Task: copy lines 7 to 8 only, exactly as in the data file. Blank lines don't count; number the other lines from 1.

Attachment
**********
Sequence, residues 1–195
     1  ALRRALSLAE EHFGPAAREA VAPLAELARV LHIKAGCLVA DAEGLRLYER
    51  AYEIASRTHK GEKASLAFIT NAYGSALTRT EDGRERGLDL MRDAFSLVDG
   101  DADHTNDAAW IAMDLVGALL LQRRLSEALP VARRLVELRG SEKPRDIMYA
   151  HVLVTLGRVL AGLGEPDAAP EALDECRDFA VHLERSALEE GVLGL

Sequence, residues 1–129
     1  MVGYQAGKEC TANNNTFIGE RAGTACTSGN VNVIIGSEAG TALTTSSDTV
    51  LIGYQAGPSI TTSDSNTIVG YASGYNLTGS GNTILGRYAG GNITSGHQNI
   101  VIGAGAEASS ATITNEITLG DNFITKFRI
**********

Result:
     1  MVGYQAGKEC TANNNTFIGE RAGTACTSGN VNVIIGSEAG TALTTSSDTV
    51  LIGYQAGPSI TTSDSNTIVG YASGYNLTGS GNTILGRYAG GNITSGHQNI